Jump to contentJump to search
Symbolbild Neurone im Raum
Foto von

Group leader

Prof. Dr. Bettina Pollok
Institute of Clinical Neuroscience and Medical Psychology
Heinrich-Heine University
Moorenstraße 5
40225 Düsseldorf

Research Interest

My research focuses on the investigation of functional networks subserving motor control in healthy subjects as well as in patients with movement disorders like Parkinson’s disease. To this end, I adopt magentoencephalography (MEG) which allows the characterization of brain networks with a precision in the range of milliseconds. Moreover, I apply transcranial direct and alternating current stimulation (tDCS, tACS) and transcranial magnetic stimulation (TMS) in order to affect motor networks. These methods reveal the possibility to transiently and non-invasively modulate neural activity in focal brain regions. Hereby, the causal role of a given cortical region can be established by directly investigating the relation between behavioural changes following stimulation with a respective brain site.

Specific Projects

Currently, I investigate changes of motor control networks during healthy aging. Since it is well established that motor functions decline with age, it is reasonable that such changes are related to alterations of the underlying network. In a recent study, we found the communication between the primary motor cortex and forehand muscles to be increased suggesting stronger motor cortical involvement in elderly subjects during the execution of simple motor tasks. Interestingly, changes were particularly found in subjects aged between 40 and 50 years possibly indicating an early marker of seniority. In the future, we will extend this research by investigating the effect of physical training on functional networks which possibly allows a shift of early age-related changes to later decades and hereby preventing subjects from early onset of motor disturbances.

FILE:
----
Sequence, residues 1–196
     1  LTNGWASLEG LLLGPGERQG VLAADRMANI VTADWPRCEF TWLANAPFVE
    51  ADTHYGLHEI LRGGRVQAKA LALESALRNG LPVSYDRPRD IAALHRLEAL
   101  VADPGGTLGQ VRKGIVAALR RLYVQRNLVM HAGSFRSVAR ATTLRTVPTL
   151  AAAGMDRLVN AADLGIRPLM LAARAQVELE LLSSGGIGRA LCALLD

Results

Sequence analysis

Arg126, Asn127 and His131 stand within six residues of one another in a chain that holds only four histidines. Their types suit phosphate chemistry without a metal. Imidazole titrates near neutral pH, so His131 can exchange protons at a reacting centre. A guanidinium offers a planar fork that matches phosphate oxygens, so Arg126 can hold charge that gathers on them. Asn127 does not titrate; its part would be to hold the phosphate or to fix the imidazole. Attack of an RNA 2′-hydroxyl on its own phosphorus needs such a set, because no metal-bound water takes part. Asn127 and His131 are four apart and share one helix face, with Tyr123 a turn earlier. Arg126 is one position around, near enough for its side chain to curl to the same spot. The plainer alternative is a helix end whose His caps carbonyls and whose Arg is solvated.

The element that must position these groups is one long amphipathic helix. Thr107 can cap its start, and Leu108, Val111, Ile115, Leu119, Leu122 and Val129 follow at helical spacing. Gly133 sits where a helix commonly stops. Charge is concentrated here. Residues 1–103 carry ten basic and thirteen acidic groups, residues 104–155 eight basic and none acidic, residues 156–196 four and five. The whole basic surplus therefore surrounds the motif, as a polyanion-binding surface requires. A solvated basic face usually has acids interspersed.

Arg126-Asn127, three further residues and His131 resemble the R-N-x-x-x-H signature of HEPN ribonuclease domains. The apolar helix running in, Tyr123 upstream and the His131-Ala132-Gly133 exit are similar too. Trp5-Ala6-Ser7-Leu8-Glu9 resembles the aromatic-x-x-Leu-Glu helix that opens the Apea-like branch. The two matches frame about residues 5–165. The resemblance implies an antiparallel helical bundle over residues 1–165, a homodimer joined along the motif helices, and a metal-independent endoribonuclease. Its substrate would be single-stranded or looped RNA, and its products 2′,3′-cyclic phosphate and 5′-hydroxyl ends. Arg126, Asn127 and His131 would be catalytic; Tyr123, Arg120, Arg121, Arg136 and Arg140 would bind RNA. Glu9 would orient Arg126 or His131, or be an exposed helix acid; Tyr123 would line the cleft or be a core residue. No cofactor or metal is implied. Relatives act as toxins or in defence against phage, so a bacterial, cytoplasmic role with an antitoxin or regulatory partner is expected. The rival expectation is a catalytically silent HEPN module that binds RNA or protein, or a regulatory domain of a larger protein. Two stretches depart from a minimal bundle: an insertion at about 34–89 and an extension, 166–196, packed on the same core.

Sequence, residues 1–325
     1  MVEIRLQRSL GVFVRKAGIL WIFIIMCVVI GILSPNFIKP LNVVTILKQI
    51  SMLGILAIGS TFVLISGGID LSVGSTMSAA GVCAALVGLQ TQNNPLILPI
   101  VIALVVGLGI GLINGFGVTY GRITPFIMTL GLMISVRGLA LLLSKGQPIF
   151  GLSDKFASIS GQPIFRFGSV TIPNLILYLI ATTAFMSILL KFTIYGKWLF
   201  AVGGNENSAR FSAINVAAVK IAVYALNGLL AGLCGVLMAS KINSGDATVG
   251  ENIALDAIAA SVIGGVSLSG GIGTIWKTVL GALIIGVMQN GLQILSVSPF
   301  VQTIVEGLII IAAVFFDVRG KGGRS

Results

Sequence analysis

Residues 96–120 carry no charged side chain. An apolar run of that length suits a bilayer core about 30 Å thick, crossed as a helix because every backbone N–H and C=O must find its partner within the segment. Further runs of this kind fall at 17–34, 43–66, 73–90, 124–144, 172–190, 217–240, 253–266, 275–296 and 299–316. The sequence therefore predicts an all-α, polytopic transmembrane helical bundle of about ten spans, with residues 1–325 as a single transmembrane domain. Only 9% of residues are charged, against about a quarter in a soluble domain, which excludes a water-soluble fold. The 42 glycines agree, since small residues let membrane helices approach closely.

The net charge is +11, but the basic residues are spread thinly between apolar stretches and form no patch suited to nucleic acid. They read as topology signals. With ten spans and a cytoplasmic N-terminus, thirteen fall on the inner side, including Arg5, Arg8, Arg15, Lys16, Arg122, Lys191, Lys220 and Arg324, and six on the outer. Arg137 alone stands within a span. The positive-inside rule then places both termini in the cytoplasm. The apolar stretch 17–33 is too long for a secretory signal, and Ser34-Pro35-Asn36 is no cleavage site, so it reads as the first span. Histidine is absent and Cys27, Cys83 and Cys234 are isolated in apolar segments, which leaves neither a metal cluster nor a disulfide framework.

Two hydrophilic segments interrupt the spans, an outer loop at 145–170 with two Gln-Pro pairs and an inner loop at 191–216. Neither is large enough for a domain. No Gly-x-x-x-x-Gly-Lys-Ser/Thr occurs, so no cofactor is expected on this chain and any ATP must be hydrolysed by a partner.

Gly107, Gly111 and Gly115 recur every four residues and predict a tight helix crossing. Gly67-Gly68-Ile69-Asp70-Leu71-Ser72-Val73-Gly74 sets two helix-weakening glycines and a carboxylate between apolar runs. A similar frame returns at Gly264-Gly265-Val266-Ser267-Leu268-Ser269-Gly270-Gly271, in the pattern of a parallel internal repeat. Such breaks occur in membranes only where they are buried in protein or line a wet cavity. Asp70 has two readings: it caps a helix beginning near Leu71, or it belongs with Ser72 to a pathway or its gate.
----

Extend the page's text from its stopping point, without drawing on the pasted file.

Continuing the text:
Selected Publications
  1. Kamp, D., Krause, V., Butz, M., Schnitzler, A. & Pollok, B. (2013). Changes of cortico-muscular coherence: An early marker of healthy aging? AGE, 35:49-58. PubMed
  2. Krause, V., Schnitzler, A. & Pollok, B. (2010). Functional network interactions subserving sensotimotor timing in musicians and non-musicians. Neuroimage, 52: 245-51. PubMed
  3. Pollok, B., Krause, V., Butz, M. & Schnitzler, A. (2009). Modality specific functional interaction in sensorimotor synchronization. Hum Brain Map, 30: 1783-90. PubMed
  4. Pollok, B., Gross, J., Kamp, D. & Schnitzler, A. (2008) Evidence for anticipatory motor control within a cerebello-diencephalic-parietal network. J Cogn Neurosci, 20: 828-840. PubMed
  5. Pollok, B., Rothkegel, H., Schnitzler, A., Paulus, W. & Lang, N. (2008) The effect of rTMS over left and right dorsolateral premotor cortex on movement timing of either hand. Eur J Neurosci, 27: 757-64. PubMed
  6. Pollok, B., Butz, M.,Gross, J. & Schnitzler, A. (2007) Intercerebellar coupling contributes to bimanual coordination. J Cogn Neurosci, 19: 704-19. PubMed
  7. Pollok, B., Gross, J., Müller, K., Aschersleben, G. & Schnitzler, A. (2005). The Cerebral Oscillatory Network Associated with Auditorily Paced Finger Movements. Neuroimage 24: 646-55. PubMed
  8. Gross, J., Pollok, B., Dirks, M., Timmermann, L., Butz, M. & Schnitzler, A. (2005). Task-dependent oscillations during unimanual and bimanual movements in the human primary motor cortex and SMA studied with magnetoencephalography. Neuroimage, 26: 91-8. PubMed
  9. Pollok, B., Dirks, M., Gross, J., Timmermann, L. & Schnitzler, A. (2004). The Cerebral Oscillatory Network of Voluntary Tremor. J Physiol (Lond) 554: 871-8. PubMed
Responsible for the content: